Even if you don’t have the issue of not having an answer in the interview, sending a follow-up email to the interviewer is one of the best things you can do to stand out from other candidates. If you’re looking for help putting together that perfect follow-up email, I’ve created a simple, yet powerful, template that you can use in every situation. You can access that free template here.

Strategy 2: “I Don’t Know, But This Is How I Would Find The Answer”

Often times we’ll be asked a question that has a definite answer. In these situations, strategy 1 will work just fine; go find the answer and get back to the interviewer. When it comes to more technical questions, however, one of the things that we can do (sometimes in addition to strategy 1) is discuss how we would find that answer.

As a software developer, there are plenty of things that come up that I don’t always know the answer to immediately. The thing that differentiates me from a less experienced developer is that I know exactly where to go to find the answer to the question I have and how to implement that answer. This means that I don’t have to memorize countless facts or lines of code, and I can focus my efforts on things that really matter.

One of the things that can cushion the blow of you not immediately knowing the answer to an interview question is knowing exactly how you could find the answer if you needed to. In the “real world”, you’re going to come up against things you don’t know frequently. Flexing your problem-solving skills by sharing your technique to finding the answer and getting the end result when you don’t have the exact knowledge at your fingertips is something that is going to impress the interviewer. Sure knowing the answer off the top of your head is good, but knowing how to find the answer is the next best thing.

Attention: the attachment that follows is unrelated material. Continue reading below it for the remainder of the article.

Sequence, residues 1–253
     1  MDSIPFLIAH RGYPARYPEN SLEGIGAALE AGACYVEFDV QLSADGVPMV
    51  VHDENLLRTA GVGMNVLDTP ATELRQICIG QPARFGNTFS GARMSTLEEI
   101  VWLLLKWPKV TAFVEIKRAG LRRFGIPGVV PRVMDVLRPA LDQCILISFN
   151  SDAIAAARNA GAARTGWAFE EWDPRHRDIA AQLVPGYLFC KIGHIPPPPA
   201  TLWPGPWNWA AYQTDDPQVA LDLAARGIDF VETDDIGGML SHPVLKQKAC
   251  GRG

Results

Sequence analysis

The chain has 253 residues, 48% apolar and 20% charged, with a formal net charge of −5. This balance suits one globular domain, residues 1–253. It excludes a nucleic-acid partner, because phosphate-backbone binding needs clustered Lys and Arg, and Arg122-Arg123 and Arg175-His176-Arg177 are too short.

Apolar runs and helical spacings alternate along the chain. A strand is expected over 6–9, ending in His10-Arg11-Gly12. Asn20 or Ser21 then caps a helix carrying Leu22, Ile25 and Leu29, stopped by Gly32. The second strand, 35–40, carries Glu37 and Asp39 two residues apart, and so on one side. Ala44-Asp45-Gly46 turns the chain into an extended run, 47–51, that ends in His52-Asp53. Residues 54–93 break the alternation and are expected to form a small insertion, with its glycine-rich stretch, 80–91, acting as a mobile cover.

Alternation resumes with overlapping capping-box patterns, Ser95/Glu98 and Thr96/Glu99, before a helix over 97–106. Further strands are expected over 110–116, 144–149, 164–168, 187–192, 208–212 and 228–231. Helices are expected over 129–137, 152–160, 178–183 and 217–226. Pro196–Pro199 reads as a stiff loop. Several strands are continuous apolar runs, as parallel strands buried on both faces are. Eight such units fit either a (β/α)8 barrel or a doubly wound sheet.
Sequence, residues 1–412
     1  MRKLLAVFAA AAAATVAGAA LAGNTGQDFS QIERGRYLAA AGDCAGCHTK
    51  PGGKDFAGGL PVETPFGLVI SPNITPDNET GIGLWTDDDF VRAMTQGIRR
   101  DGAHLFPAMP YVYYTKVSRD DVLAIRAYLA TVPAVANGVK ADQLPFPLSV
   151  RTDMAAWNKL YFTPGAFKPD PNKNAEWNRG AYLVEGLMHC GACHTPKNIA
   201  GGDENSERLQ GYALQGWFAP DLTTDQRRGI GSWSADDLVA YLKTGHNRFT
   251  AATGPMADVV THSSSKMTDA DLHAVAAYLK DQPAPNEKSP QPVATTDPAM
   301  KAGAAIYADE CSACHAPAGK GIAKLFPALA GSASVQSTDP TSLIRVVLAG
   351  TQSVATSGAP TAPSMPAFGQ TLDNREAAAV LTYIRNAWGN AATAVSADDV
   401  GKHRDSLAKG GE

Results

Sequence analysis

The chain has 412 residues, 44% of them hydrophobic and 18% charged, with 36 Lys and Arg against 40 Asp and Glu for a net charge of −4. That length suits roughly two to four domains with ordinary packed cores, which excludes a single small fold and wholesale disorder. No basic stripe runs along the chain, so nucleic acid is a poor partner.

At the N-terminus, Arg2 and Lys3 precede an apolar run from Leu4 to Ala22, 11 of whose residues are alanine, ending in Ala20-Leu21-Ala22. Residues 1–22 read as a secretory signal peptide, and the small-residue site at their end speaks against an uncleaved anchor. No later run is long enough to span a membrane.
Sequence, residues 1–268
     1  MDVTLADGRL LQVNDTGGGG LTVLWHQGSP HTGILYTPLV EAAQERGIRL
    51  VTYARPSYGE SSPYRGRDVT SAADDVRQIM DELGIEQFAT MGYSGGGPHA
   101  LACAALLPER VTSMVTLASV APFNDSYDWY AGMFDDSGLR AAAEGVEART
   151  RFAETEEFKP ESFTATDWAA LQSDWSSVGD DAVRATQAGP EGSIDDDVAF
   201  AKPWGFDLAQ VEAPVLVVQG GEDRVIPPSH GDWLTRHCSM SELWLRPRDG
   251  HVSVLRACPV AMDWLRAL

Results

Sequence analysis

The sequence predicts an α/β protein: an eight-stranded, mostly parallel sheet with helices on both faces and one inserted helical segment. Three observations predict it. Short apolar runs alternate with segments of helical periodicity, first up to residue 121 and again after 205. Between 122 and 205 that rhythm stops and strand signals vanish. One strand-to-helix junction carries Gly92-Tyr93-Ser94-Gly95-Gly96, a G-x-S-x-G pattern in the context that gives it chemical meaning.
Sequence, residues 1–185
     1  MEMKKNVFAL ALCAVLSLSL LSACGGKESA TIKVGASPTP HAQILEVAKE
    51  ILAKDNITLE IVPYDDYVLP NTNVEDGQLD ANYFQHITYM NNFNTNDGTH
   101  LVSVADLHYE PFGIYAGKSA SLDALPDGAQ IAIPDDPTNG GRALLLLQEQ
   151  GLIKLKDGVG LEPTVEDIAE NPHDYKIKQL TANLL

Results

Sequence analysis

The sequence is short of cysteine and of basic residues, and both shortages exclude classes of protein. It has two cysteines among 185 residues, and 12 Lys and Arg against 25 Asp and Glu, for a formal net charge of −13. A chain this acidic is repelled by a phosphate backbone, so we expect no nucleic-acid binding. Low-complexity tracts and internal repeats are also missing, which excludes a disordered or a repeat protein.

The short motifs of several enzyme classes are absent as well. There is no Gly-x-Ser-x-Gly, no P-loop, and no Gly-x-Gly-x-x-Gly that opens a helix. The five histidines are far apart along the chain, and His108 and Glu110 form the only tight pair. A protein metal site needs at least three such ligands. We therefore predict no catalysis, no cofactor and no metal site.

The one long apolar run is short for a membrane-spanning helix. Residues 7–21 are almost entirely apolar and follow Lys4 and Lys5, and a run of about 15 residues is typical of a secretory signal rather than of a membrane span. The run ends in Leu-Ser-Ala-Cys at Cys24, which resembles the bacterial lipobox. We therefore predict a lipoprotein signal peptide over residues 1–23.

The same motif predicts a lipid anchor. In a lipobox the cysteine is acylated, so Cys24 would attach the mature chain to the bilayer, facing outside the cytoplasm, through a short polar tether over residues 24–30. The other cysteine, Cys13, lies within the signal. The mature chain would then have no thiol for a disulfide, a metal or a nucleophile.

Strategy 3: “I’m Not Sure, But Here’s A Related Answer”

The third approach is to give a related answer that still displays your knowledge and experience, even if it’s not exactly what they asked. For example, if you were asked to discuss a time when you’ve provided excellent customer service, and you’ve never been in a customer-facing role, you might feel like you’re up the creek without a paddle. While you might not have direct experience providing excellent customer service, you have likely been in a position where you’ve witnessed or received excellent customer service.